Injured military veterans will get better NHS care under plans unveiled by the government.
The move, which will also provide improved mental health services for troops who have seen action in Afghanistan, will see seriously injured personnel leaving the armed forces with a customised health plan.
Steps will also be taken to make sure GPs are aware of their patients’ military service. Health Minister Mike O’Brien said in a statement to Parliament he would “guarantee that all those seriously injured will receive an early and comprehensive assessment of their long-term needs”.
Under the plans, an NHS case manager will oversee “high quality care for life” for those in need of continuing support.
Mr O’Brien said the Department of Health was also “responding to concerns expressed about the impact of recent and current deployments on the mental health of those in and those leaving the armed forces”.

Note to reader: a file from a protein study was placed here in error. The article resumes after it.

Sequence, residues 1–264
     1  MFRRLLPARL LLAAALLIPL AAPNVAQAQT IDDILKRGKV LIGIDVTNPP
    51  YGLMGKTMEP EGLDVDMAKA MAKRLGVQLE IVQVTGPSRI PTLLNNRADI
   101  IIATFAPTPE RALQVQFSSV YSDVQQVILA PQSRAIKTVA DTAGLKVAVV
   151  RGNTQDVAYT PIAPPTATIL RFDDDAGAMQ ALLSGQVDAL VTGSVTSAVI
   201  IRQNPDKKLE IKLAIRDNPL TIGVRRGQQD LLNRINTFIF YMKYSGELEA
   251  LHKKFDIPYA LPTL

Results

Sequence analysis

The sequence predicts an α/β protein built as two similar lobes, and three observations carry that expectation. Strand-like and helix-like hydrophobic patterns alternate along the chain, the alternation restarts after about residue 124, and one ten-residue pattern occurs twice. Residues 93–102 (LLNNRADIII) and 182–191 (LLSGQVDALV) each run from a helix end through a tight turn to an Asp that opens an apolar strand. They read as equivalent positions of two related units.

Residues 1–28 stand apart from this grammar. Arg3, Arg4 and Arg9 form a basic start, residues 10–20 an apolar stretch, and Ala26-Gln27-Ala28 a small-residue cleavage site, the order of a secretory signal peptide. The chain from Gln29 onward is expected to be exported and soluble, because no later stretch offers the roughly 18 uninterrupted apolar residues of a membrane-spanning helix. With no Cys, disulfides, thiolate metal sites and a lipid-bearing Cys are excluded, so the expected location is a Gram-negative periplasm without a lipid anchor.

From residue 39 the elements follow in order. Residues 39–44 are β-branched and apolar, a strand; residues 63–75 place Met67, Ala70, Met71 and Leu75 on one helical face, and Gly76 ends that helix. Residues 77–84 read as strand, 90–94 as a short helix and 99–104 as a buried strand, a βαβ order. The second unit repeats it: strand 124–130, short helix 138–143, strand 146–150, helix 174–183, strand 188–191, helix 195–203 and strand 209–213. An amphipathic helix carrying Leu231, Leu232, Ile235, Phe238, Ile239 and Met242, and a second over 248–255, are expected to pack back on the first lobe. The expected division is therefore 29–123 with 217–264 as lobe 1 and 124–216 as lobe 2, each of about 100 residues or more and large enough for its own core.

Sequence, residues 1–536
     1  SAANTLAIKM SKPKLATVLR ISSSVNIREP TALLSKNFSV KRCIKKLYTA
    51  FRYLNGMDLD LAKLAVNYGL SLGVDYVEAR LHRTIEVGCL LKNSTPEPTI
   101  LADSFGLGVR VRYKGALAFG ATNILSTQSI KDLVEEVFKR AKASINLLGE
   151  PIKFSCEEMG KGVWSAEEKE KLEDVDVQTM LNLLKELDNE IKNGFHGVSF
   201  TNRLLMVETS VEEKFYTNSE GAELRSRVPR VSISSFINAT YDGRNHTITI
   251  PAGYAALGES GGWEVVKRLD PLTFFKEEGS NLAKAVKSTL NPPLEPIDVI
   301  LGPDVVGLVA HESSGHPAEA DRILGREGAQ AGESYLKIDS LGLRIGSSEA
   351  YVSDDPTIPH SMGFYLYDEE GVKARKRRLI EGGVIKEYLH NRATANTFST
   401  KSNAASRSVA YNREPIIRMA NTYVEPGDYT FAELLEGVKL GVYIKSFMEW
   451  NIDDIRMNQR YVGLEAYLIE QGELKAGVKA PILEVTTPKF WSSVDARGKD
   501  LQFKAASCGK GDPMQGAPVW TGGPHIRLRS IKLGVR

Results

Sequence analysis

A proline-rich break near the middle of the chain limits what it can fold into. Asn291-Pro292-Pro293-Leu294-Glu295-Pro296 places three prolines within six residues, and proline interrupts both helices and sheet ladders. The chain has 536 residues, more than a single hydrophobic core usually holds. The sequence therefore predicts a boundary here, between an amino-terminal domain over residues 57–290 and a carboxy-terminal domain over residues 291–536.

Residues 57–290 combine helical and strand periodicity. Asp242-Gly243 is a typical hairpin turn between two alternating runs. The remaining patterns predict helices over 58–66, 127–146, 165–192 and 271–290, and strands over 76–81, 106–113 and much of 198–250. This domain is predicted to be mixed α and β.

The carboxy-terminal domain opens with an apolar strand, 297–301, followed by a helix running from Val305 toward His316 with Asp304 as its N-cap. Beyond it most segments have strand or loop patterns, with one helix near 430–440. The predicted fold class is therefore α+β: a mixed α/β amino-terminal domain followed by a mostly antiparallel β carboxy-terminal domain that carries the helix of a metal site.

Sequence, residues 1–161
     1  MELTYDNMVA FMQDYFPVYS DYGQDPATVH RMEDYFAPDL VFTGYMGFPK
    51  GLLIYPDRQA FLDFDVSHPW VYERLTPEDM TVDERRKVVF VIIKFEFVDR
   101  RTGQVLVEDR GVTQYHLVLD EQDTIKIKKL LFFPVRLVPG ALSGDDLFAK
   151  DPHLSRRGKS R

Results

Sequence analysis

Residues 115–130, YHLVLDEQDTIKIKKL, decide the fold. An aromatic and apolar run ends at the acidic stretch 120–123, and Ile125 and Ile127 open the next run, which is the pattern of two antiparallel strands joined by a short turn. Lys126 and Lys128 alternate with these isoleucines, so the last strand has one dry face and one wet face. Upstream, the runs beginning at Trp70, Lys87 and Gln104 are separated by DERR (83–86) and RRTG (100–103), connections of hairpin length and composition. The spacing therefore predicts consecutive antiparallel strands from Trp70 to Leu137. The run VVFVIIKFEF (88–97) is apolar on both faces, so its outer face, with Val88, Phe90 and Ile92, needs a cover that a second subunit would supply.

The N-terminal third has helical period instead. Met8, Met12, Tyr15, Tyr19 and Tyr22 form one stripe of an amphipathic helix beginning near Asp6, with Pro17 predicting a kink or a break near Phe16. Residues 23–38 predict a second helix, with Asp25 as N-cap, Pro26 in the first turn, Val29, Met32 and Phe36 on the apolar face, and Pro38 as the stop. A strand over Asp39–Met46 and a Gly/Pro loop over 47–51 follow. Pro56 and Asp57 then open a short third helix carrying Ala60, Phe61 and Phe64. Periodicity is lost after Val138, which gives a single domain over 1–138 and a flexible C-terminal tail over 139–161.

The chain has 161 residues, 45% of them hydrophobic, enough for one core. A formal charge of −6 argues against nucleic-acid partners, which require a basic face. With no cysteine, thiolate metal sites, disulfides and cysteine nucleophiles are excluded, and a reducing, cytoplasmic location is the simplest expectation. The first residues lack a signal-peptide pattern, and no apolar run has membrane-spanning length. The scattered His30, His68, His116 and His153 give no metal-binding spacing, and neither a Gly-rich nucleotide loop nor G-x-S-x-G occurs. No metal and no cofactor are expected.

All mental health services will be expected to make special provision for veterans from 2011-12, he said.
Mr O’Brien added that where appropriate, all veterans who had lost a limb in service ould receive the same standard of prosthetic replacement from the NHS as would be available from Defence Medical Services.
The minister also said his department would work with the Ministry of Defence to improve the transfer of veterans’ medical records to the NHS after they leave the armed forces.
“This will facilitate GP awareness of the veteran status of new patients to ensure veterans receive their entitlement to priority treatment for any injuries or illness attributable to their time serving in the Armed Forces,” he said.
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